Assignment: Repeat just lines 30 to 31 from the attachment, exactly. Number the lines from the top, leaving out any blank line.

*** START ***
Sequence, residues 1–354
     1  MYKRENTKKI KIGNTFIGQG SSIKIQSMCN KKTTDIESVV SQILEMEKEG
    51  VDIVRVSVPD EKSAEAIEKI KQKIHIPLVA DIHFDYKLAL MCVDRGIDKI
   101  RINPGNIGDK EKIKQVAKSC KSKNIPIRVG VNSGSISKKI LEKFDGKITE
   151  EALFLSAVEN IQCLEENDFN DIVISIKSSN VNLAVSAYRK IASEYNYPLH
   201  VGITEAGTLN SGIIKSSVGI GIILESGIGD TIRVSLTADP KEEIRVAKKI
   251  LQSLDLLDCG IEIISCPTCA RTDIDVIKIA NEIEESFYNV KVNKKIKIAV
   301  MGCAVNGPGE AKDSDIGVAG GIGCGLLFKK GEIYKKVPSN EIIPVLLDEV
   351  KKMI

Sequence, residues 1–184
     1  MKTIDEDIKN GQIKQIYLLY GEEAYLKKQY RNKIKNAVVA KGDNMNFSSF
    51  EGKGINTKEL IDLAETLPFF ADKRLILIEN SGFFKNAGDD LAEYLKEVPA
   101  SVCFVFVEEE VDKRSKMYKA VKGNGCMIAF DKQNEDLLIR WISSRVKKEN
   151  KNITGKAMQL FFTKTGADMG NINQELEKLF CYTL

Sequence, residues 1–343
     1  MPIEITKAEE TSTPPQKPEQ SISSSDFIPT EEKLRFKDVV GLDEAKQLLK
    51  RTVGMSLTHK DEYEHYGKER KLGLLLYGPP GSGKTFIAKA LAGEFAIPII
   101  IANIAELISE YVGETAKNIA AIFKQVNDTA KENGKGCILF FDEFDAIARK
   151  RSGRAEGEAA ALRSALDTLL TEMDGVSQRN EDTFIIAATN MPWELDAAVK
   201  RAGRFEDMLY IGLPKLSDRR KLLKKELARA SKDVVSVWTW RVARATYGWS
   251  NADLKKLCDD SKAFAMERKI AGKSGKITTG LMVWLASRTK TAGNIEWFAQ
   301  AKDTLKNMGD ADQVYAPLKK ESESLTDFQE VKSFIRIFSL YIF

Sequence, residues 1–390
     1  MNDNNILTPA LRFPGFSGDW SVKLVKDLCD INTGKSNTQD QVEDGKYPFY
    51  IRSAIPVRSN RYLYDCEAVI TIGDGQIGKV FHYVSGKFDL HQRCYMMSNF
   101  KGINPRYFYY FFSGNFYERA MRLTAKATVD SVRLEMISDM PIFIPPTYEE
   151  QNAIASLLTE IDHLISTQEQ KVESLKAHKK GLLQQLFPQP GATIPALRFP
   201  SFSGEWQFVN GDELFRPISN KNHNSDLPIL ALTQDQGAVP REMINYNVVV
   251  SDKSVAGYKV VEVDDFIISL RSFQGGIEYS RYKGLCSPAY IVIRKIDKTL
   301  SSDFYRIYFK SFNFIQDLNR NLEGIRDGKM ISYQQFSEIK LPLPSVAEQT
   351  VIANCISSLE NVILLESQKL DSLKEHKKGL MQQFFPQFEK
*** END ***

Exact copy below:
   301  SSDFYRIYFK SFNFIQDLNR NLEGIRDGKM ISYQQFSEIK LPLPSVAEQT
   351  VIANCISSLE NVILLESQKL DSLKEHKKGL MQQFFPQFEK